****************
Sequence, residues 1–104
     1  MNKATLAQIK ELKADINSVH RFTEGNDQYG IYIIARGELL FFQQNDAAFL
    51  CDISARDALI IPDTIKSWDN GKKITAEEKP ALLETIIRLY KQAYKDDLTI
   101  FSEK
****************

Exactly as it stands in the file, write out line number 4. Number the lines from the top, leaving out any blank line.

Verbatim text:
   101  FSEK